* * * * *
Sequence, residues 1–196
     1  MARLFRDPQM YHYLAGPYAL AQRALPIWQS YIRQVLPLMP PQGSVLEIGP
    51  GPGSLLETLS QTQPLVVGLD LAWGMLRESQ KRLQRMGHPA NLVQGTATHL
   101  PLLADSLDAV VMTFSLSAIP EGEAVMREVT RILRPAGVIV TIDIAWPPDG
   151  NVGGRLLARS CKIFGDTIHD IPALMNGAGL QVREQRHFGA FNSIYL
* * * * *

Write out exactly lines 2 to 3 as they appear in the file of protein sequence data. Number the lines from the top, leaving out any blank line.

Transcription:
     1  MARLFRDPQM YHYLAGPYAL AQRALPIWQS YIRQVLPLMP PQGSVLEIGP
    51  GPGSLLETLS QTQPLVVGLD LAWGMLRESQ KRLQRMGHPA NLVQGTATHL